Healthy Hearts and Healthy Minds

 

Keeping your body healthy is something that has been instilled in us all our lives. If you take care of your body, you can live longer and have a happier life. Your brain is one of the vital organs that relies on a properly functioning body to have the blood flow needed to perform its daily functions. When your mind has what it needs, you can better solve problems, pay attention, communicate, and more. February is American Heart Month, and your heart is the key to giving your brain the blood flow it needs, along with the rest of your body. Learning how mental health and heart health affect each other along with what easy, healthy changes you can make, are the first steps to live a healthier life.

Mental Illness and Heart Health

 

Many believe that the relief of symptoms of depression, anxiety, etc. through smoking, eating fatty foods, and drinking are the main contributing factors linking heart disease and mental health. However, there are biological and chemical changes in the body that can also trigger mental health issues and impact heart disease. For example, stress can affect your blood pressure and heart rate from the increase in specific hormones it causes.

Also, those who have mental illness may lack the energy to do the things they need to keep up with their physical health, like exercise.

Getting Healthy

 

The arteries from the heart are the highways that supply vital oxygen, blood, and nutrients to the brain. Plaque buildup and hardening of the arteries from food and lifestyle choices isn’t just specific to the heart; it’s everywhere in the body. Diet and exercise are the keys to getting your health back on track and maintaining it.

Here are some food choices that will pack a punch:

  • Fish- One or two (4 oz) servings a week can reduce your risk of dying from heart disease and can reduce inflammation in arterial walls, which keeps blood flowing to the brain. Salmon, mackerel, rainbow trout, and sardines are rich in omega-3 fatty acids.
  • A Glass of Red Wine- The compounds in red wine help lower cholesterol and blood pressure. They also help thin out the blood, thus helping prevent dangerous blood clots.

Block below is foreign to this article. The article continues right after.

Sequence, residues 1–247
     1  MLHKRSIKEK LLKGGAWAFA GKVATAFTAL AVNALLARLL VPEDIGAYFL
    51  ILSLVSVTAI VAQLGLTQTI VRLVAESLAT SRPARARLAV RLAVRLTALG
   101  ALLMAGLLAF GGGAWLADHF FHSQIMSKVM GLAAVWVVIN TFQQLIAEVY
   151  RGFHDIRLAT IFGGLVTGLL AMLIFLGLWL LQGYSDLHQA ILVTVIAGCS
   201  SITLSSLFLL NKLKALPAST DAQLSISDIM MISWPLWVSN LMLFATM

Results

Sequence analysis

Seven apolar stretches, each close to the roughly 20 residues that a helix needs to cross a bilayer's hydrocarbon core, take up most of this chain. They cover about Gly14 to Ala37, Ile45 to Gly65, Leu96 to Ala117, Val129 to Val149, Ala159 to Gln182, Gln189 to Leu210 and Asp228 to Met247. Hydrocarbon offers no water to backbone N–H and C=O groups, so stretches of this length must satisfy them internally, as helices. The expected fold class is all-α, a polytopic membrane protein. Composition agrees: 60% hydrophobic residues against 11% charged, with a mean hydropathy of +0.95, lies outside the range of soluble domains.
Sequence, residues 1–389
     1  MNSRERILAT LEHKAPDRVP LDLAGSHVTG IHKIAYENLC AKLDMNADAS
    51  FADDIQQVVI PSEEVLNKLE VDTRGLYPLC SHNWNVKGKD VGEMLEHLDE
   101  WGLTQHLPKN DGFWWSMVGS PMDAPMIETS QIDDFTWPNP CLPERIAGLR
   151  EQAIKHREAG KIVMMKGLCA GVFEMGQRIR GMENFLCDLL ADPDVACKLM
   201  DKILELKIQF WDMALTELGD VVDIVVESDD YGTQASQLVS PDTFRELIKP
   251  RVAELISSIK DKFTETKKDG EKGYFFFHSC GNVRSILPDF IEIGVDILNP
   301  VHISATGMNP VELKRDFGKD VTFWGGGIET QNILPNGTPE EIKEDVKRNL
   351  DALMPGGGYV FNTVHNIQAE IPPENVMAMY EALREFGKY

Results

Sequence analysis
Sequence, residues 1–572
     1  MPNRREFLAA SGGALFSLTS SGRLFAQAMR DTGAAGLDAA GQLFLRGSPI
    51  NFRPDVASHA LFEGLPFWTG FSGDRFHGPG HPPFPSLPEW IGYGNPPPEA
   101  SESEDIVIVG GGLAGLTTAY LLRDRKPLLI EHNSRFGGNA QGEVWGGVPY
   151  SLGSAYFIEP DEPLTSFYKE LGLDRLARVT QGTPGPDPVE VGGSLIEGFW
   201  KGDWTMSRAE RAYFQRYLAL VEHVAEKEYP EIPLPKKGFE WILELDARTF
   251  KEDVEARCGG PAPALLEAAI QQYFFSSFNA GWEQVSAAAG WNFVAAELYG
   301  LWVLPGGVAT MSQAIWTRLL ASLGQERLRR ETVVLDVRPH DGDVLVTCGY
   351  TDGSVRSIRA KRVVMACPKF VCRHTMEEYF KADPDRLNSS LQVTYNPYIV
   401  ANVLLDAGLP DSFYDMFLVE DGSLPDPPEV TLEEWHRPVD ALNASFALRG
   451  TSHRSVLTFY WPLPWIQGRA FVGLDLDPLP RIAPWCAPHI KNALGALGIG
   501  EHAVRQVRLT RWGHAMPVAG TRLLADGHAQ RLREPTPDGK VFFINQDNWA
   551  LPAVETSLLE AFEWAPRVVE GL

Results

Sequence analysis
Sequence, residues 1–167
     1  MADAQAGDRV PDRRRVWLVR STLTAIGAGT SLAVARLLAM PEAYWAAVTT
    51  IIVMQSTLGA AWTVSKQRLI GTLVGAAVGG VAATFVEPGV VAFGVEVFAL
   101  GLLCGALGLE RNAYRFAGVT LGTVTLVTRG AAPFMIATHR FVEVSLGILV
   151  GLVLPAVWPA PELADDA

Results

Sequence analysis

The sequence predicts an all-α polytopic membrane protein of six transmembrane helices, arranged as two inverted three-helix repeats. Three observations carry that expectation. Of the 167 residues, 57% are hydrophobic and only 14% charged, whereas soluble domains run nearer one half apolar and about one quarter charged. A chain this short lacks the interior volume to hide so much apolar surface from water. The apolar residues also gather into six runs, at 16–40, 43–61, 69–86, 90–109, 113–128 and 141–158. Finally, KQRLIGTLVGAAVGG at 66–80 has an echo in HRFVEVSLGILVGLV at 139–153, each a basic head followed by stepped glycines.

• More Produce- Every serving of fruits and vegetables eaten improves blood flow helping to lower high blood pressure. Produce rich in potassium such as bananas, tomatoes, and artichokes may also help prevent artery walls from thickening.

Exercise is right for your heart and brain. It helps improve heart function, and some activities can give your brain a workout through rhythm, strategy, and coordination. Below are some fun ways to work up a sweat:

  • Walking, Jogging, or Running
  • Ballroom Dancing
  • Circuit Workouts

Continuing clinical research is needed to better understand the diseases of the heart and its relation to mental health. These efforts improve diagnostic and therapeutic options for those affected by mental illness. Click to learn more about upcoming mental health studies at our research sites in DaytonRogers, and Little Rock.

 

References:

https://www.heart.org/en/health-topics/brain-health

https://www.heart.org/en/healthy-living/healthy-lifestyle/mental-health-and-wellbeing/mental-health-and-heart-health

(http://www.eatingwell.com/article/42303/what-to-eat-for-a-healthy-heart-and-a-healthy-mind/

https://www.prevagen.com/brain-health-tips/healthy-exercises-for-heart-and-brain/

 


The Benefits of Clinical Research

In 2018, a clinical research study was conducted that investigated a new combination therapy for patients with Anaplastic thyroid carcinomas (ATCs). ATCs account for less than 2% of all thyroid cancers diagnosed in the United States. They have a worse prognosis than other common forms of thyroid cancer. The survival rate for this type of cancer has a low, one-year survival rate.

For the first time in 50 years, the FDA approved the first treatment of ATCs and has become a new standard of care for these patients. Before this study, no chemotherapy treatment for ATC improved the patient’s quality of life or prolonged survival.

The Search for a Cure

Without clinical research, the 600 cases of ATCs diagnosed every year would face the same, grim prognosis that everyone in the previous 50 years faced. It is just one of the numerous reasons why clinical research is so vital. If you get through life without being diagnosed with a condition, or ever having to take any medication, you are lucky. However, many most of us will need medical intervention of sorts at some point in our lives.

Benefits

The goal of clinical research is to cure a disease or condition. On the path to finding a cure, prevention, and improved treatment option possibilities are discovered that need to be proven effective. After being researched in a lab and with animals, the research will then investigate the safety and effectiveness as it relates to humans. So, if you’ve had a hip replacement, a pacemaker implant, or take blood pressure medication, you can thank clinical research. Other benefits clinical research brings are: